On the main PHP.net site today there's an announcement posted about the working being done on the next generation of the PHP language based on some recent discussions (and actual development work). The PHPNG branch helps boost the performance of the language to new levels and cleans up some of the core APIs.

When we aren't looking for pictures of kittens on the internet, internals developers are nearly always looking for ways to improve PHP, a few developers have a focus on performance. Over the last year, some research into the possibility of introducing JIT compilation capabilities to PHP has been conducted. During this research, the realization was made that in order to achieve optimal performance from PHP, some internal API's should be changed. This necessitated the birth of the phpng branch, initially authored by Dmitry Stogov, Xinchen Hui, and Nikita Popov.

The post talks about the performance increase of these changes (an average of 20%) and the current progress made on the internal project. This is "only the start" of the work on this new functionality, so keep an eye on the PHP.net site for more upcoming details.

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phpng next generation branch project performance

Link: http://www.php.net/archive/2014.php#id2014-05-27-1

HHVM Blog:
Hack Community Roundup
May 19, 2014 @ 12:45:12

For those interested in what's going on in the world of Hack (the Facebook-created language based on PHP) check out this "community roundup" with information about and links to some of the latest happenings.

In the weeks since the Hack open source launch and the Hack developer day, there has been a lot of information, code, blog posts, etc coming from our nascent community. To us on the team, it's been incredible and encouraging to see the community reception to Hack. Here are some of the highlights of the things we've seen come out of our community. (And we almost certainly haven't seen everything, so please let us know in the comments what we've missed!

They share several related GitHub projects (including the Hack/HHVM support on Heroku), a few presentations about installation and experience with the tools and a few blog posts wrapping up their Hack dev day and an article from FastCompany about Hack and its motivation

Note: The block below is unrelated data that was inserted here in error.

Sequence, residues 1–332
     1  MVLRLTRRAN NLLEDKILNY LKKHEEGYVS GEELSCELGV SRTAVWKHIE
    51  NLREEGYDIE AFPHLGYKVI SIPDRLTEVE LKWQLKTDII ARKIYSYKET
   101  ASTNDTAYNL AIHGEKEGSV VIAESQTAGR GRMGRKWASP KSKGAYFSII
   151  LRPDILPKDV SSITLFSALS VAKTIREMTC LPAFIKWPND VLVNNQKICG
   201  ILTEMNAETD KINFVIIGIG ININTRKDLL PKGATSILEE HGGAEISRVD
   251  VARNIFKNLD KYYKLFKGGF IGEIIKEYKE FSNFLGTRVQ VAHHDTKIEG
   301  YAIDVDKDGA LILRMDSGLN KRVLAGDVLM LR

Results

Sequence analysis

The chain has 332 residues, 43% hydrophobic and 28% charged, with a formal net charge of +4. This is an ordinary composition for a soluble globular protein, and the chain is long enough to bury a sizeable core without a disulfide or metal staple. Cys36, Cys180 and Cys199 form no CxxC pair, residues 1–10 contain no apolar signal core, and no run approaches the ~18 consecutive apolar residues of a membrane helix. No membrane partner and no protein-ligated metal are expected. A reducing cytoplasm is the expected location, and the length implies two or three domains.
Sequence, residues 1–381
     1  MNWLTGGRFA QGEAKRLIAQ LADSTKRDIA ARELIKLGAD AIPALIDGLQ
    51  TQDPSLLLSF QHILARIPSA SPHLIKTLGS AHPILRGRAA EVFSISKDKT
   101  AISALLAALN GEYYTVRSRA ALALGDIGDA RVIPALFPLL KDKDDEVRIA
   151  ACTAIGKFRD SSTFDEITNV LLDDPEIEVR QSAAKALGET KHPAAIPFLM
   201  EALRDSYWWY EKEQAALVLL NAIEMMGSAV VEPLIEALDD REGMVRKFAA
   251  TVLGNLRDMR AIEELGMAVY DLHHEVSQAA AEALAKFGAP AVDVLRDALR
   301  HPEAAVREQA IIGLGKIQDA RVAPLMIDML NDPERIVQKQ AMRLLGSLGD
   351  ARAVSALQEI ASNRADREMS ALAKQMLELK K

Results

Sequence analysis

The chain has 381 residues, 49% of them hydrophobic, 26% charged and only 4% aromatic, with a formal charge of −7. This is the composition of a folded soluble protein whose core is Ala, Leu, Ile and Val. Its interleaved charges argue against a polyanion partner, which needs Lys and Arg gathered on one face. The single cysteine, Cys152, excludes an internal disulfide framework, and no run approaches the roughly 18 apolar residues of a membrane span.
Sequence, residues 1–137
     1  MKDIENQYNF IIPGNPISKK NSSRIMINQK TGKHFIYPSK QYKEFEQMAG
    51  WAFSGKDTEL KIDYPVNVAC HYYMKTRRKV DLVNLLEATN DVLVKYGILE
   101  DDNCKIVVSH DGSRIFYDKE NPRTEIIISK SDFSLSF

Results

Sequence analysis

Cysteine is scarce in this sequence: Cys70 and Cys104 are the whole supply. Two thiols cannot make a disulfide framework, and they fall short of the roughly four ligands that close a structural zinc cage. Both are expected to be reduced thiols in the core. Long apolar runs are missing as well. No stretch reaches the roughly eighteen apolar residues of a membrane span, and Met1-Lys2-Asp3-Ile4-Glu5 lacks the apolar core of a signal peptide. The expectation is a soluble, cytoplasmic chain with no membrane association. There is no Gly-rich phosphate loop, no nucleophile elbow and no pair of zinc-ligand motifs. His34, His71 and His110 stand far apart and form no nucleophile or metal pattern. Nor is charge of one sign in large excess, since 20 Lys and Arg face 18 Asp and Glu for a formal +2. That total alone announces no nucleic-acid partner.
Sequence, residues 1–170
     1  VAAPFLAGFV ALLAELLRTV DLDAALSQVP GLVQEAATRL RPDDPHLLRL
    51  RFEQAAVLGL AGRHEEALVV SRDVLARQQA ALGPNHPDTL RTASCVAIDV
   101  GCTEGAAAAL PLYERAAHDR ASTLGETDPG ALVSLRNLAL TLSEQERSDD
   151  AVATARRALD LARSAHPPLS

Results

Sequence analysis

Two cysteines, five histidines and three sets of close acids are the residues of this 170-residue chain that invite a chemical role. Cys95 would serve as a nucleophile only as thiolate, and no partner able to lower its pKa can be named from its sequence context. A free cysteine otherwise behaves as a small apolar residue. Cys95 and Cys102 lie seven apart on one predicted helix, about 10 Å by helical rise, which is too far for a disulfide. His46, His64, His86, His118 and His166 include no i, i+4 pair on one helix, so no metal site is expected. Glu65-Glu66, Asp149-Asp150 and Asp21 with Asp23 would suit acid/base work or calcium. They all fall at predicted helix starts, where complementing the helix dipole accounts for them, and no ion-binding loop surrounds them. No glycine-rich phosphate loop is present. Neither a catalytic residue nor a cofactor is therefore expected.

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hhvm hack roundup github project blog presentations

Link: http://hhvm.com/blog/4811/hack-community-roundup

Jurian Sluiman:
SoflomoCache manage your ZF2 cache services
May 09, 2014 @ 09:53:32

Jurian Sluiman has posted about the release of a tool that aims to help you with cache handling in your Zend Framework 2 applications, the SoflomoCache component.

aching is an essential part in scaling your application, but Zend Framework 2 was missing a utility to manage your caches. Until now! During deployments we usually flushed the cache in a tedious and cumbersome way by directly accessing the apc_* functions in a custom script. This could certainly be improved and so we wrote a command line utility to manage all our cache services.

He includes a few snippets of code showing how to implement the component in your configuration and use it via ZF2's dependency injection handling. He also includes a list of the commands that can be used along with it to flush the cache, either all simultaneously or a single one (defined as a CLI option). It can also flush by namespace and handle the refresh of your combined configuration and module map.

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zendframework2 cache management component project service

Link: https://juriansluiman.nl/article/134/soflomo-cache-manage-your-zf2-cache-services

Francesca Krihely:
Why Free Software Isn't Free
May 01, 2014 @ 10:14:36

Francesca Krihely has a new post today taking about one of the realities of using open source software. While the cost of it might be "free", in truth it isn't.

Why is it so hard to move off your old FOSS tools to new FOSS tools? Free and open software is changing the world, and has been for quite some time. While the price of open source software is usually $0 there are a number of hidden costs associated with building on top of new FOSS tools. The hidden cost is what makes community your biggest asset in open source.